Forum for Science, Industry and Business

Sponsored by:     3M 
Search our Site:

 

New Research Shows in the Animal World, it Pays to be an Imposter

20.01.2005


For the giant Australian cuttlefish, mating is a complicated undertaking complete with fighting, sneaking, and deception. In this week’s issue of the journal Nature, Marine Biological Laboratory (MBL) senior scientist Roger Hanlon and his colleagues demonstrate that for this species, deception while mating pays off.



Hanlon and his team present behavioral and genetic data demonstrating that small male cuttlefish that dramatically alter their appearance to look like females are highly successful in tricking their often larger male competitors and fertilizing the female’s eggs. While the sexual mimicry that the cuttlefish employ has been widely reported in nature, this is the first time fertilization success in an animal using this strategy has been documented.

Hanlon and his colleagues studied the cuttlefish (Sepia apama) in a remote coastal area of the Australian outback. For ten days they painstakingly observed and filmed the intense mating competition between the females and their suitors, including large “guard” males, smaller “sneaker” males, who attempt to mate with females as the guard fights other males, and males who mimic the appearance of a female. In contrast to some other animals, whose ability to mimic is part of their genetic makeup, giant Australian cuttlefish use neural control to instantly change their skin patterning, posture, and tactics. According to Hanlon the cuttlefish can switch between a male and female appearance 10 to 15 times per minute. “In the blink of an eye they can pull out of it and go back to being a male,” he says.


Using DNA fingerprinting, Hanlon and his team found that the mimickers were successful in fertilizing females 60 percent of the time. The results, they say, are surprising since female cuttlefish of this species reject most mating attempts by any type of male 70 percent of the time. “This is not an easy behavior to study,” says Hanlon. “But we hope that our paper will engage other behavioral ecologists to go out and study mating systems of other animals to refute or support what we found.”

Gina Hebert | EurekAlert!
Further information:
http://www.mbl.edu

More articles from Life Sciences:

nachricht Ion treatments for cardiac arrhythmia — Non-invasive alternative to catheter-based surgery
20.01.2017 | GSI Helmholtzzentrum für Schwerionenforschung GmbH

nachricht Seeking structure with metagenome sequences
20.01.2017 | DOE/Joint Genome Institute

All articles from Life Sciences >>>

The most recent press releases about innovation >>>

Die letzten 5 Focus-News des innovations-reports im Überblick:

Im Focus: Traffic jam in empty space

New success for Konstanz physicists in studying the quantum vacuum

An important step towards a completely new experimental access to quantum physics has been made at University of Konstanz. The team of scientists headed by...

Im Focus: How gut bacteria can make us ill

HZI researchers decipher infection mechanisms of Yersinia and immune responses of the host

Yersiniae cause severe intestinal infections. Studies using Yersinia pseudotuberculosis as a model organism aim to elucidate the infection mechanisms of these...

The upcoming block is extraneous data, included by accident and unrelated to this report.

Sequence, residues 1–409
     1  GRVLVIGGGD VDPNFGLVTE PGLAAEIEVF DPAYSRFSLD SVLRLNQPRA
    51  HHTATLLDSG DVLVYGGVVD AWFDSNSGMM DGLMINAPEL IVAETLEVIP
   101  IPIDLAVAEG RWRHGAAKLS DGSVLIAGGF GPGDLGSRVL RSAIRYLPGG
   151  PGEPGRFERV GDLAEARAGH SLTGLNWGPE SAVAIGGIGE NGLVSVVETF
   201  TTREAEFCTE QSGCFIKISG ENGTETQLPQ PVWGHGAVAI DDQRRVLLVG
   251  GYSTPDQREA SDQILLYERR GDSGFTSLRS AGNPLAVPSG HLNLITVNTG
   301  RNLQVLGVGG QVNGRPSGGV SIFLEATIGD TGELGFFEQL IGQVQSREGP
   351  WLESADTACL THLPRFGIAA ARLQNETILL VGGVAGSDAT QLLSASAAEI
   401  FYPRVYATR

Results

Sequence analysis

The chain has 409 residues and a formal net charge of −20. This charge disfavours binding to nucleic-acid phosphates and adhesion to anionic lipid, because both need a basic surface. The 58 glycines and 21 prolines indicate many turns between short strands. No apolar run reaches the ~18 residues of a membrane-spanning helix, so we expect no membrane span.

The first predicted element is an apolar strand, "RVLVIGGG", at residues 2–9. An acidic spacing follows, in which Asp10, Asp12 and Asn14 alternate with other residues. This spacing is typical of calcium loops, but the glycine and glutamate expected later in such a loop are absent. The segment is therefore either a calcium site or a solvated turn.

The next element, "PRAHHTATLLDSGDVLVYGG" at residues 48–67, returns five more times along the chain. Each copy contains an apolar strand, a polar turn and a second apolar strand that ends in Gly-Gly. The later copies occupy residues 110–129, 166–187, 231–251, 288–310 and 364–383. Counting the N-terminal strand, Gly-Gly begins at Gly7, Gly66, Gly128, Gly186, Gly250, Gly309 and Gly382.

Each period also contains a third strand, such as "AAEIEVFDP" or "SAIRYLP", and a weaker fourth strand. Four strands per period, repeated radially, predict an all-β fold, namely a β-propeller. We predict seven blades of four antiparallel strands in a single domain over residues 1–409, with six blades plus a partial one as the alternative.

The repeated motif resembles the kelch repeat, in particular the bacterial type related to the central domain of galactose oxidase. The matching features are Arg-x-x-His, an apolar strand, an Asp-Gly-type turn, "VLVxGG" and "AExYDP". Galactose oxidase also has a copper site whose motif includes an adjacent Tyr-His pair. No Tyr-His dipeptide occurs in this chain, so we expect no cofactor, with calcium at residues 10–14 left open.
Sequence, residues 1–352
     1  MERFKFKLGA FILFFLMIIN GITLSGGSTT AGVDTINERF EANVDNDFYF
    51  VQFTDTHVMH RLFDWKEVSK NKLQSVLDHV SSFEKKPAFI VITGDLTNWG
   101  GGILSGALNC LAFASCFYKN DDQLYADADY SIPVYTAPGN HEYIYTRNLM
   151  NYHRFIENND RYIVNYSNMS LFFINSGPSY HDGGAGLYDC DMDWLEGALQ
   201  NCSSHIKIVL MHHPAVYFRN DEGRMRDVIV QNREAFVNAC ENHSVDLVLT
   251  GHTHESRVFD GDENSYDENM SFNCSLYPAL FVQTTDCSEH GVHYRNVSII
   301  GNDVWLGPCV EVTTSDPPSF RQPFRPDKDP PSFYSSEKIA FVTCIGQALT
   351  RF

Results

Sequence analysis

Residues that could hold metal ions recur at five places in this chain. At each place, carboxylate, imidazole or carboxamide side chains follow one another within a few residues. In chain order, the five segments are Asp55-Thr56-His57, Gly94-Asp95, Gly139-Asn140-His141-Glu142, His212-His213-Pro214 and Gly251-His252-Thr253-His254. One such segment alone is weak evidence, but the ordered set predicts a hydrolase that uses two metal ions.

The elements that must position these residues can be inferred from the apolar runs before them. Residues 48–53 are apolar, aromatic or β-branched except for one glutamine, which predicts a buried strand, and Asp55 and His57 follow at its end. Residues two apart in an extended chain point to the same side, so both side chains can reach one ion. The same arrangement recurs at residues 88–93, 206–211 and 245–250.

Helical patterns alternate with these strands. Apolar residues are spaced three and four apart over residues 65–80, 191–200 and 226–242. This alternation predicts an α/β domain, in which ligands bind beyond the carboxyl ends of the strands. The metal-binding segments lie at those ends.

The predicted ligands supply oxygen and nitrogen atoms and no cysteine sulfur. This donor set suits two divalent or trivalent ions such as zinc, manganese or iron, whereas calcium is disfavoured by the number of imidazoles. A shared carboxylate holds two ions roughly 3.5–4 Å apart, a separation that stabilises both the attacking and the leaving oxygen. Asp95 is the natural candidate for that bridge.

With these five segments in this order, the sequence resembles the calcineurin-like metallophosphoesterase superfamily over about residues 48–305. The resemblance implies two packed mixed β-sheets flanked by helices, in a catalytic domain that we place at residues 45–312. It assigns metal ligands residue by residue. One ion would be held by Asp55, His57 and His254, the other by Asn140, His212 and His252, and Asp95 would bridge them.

Im Focus: Interfacial Superconductivity: Magnetic and superconducting order revealed simultaneously

Researchers from the University of Hamburg in Germany, in collaboration with colleagues from the University of Aarhus in Denmark, have synthesized a new superconducting material by growing a few layers of an antiferromagnetic transition-metal chalcogenide on a bismuth-based topological insulator, both being non-superconducting materials.

While superconductivity and magnetism are generally believed to be mutually exclusive, surprisingly, in this new material, superconducting correlations...

Im Focus: Studying fundamental particles in materials

Laser-driving of semimetals allows creating novel quasiparticle states within condensed matter systems and switching between different states on ultrafast time scales

Studying properties of fundamental particles in condensed matter systems is a promising approach to quantum field theory. Quasiparticles offer the opportunity...

Im Focus: Designing Architecture with Solar Building Envelopes

Among the general public, solar thermal energy is currently associated with dark blue, rectangular collectors on building roofs. Technologies are needed for aesthetically high quality architecture which offer the architect more room for manoeuvre when it comes to low- and plus-energy buildings. With the “ArKol” project, researchers at Fraunhofer ISE together with partners are currently developing two façade collectors for solar thermal energy generation, which permit a high degree of design flexibility: a strip collector for opaque façade sections and a solar thermal blind for transparent sections. The current state of the two developments will be presented at the BAU 2017 trade fair.

As part of the “ArKol – development of architecturally highly integrated façade collectors with heat pipes” project, Fraunhofer ISE together with its partners...

All Focus news of the innovation-report >>>

Anzeige

Anzeige

Event News

Sustainable Water use in Agriculture in Eastern Europe and Central Asia

19.01.2017 | Event News

12V, 48V, high-voltage – trends in E/E automotive architecture

10.01.2017 | Event News

2nd Conference on Non-Textual Information on 10 and 11 May 2017 in Hannover

09.01.2017 | Event News

 
Latest News

Helmholtz International Fellow Award for Sarah Amalia Teichmann

20.01.2017 | Awards Funding

An innovative high-performance material: biofibers made from green lacewing silk

20.01.2017 | Materials Sciences

Ion treatments for cardiac arrhythmia — Non-invasive alternative to catheter-based surgery

20.01.2017 | Life Sciences

VideoLinks
B2B-VideoLinks
More VideoLinks >>>